Justicia y Dignidad

A Day Without Immigrants in Santa Barbara

by Ethan Stewart

The heart and soul of the South Coast came out in full force this week as the largest public demonstration in the history of Santa Barbara hit the streets for a celebration of immigrants’ rights. As part of the nationwide A Day Without Immigrants rally, more than 20,000 men, women, and children — a vast majority of them Latino — made their way up State Street on Monday afternoon dressed in white, waving American flags, toting signs and banners with headlines like “No Immigrants No Business,” banging drums, and chanting the uplifting rallying cry of the day, “¡Si, se peude!” (“Yes, we can!”). The “legal” and “illegal” masses continued on to the Santa Barbara Courthouse Sunken Gardens for a late afternoon rally where an array of speakers — flanked by portraits of Cuban revolutionary Che Guevara and the Lady of Guadalupe — delivered messages of hope and solidarity. Speakers promised politicians and the certifiable sea of families, farmworkers, landscapers, painters, carpenters, dishwashers, cooks, laborers, professionals, paralegals, and students in attendance that “¡Hoy marchamos! ¡Mañana votamos!” (“Today we march! Tomorrow we vote!”). But it was Daraka Larimore Hall, the local leader of the labor movement and a city Parks and Recreation Department commissioner, who perhaps best summed up the Mexican and American pride of the occasion when he cried out to the audience, “This flag [the American flag] is never more beautiful and never more meaningful than when it’s in the hands of people fighting for their rights and fighting for their dignity. This is our country. … We are not criminals; we are workers!”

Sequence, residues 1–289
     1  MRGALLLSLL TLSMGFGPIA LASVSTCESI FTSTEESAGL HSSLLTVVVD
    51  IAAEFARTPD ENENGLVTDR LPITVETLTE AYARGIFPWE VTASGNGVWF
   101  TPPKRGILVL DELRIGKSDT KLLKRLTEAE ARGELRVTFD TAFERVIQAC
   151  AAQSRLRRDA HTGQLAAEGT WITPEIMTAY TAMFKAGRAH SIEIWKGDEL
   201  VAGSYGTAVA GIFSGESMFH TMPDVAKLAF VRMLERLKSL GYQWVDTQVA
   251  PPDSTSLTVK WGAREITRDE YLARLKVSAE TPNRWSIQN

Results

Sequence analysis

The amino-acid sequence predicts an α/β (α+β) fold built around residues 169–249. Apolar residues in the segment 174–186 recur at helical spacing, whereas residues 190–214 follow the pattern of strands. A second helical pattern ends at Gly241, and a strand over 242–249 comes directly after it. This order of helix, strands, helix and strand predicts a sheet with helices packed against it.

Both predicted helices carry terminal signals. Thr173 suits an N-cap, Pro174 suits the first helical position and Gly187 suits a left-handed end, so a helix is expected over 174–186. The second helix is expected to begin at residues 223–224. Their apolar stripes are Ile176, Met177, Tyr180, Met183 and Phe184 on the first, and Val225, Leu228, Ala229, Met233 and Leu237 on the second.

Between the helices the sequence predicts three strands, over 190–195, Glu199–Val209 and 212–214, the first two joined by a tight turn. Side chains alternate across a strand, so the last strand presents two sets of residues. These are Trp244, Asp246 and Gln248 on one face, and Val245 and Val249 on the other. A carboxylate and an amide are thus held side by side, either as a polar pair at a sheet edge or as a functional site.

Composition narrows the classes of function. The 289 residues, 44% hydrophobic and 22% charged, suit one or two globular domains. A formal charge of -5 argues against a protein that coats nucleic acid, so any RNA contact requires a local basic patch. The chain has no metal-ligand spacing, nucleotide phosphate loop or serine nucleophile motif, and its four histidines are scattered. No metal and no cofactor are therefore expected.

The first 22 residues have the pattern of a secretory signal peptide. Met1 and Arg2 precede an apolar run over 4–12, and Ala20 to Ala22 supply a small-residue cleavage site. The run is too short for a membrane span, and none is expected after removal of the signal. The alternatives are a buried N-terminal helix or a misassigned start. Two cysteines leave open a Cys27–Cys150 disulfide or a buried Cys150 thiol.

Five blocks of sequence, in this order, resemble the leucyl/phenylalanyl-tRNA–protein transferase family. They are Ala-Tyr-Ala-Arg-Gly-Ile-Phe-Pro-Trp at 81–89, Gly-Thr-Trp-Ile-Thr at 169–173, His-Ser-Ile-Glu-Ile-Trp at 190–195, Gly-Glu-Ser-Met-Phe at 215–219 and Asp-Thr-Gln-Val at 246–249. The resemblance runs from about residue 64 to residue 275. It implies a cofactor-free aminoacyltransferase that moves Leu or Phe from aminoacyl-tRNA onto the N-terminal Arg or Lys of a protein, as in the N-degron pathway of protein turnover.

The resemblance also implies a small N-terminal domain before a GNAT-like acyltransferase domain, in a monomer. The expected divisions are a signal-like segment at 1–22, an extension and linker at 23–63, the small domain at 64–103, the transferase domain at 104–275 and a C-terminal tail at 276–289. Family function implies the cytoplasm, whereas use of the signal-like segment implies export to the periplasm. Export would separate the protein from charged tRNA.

At the root of Monday’s protests was the radical Border Protection, Anti-Terrorism, and Illegal Immigrant Control Act HR 4437 — a beast of federal legislation that aims to make felons out of first-time border jumpers and anybody who gives them aid, while also calling for the construction of a 750-mile wall along much of the U.S.-Mexico border and putting the burden of enforcement on local police forces. Already approved by the House of Representatives last December, the bill met hostile bipartisan opposition in the Senate last month (President George W. Bush himself remarked that it would be unrealistic to try to deport all of the nation’s undocumented foreign workers), but is set to be revisited sometime next week. Looking to seize the opportunity, local organizations like PUEBLO (People United for Economic Justice Building Leadership through Organizing) and LULAC (League of United Latin American Citizens) — working in the same vein as similar-minded groups across the nation — chose May 1 as the designated day to flex the power of our nation’s vast immigrant community. And while the rally at the courthouse was certainly a dramatic crescendo, it was only one part of an entire day of far-reaching political activity and protest.